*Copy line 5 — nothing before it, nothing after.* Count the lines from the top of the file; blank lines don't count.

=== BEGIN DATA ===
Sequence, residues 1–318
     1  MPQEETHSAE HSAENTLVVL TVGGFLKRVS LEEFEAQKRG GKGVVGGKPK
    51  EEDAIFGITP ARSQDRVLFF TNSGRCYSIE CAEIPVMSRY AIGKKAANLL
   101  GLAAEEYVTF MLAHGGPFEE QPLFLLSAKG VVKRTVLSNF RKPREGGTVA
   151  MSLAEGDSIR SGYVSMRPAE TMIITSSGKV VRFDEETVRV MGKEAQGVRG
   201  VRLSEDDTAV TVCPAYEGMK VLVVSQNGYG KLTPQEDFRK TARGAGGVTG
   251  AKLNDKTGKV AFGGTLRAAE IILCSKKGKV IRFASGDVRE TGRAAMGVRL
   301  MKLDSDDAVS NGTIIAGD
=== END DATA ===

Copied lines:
   151  MSLAEGDSIR SGYVSMRPAE TMIITSSGKV VRFDEETVRV MGKEAQGVRG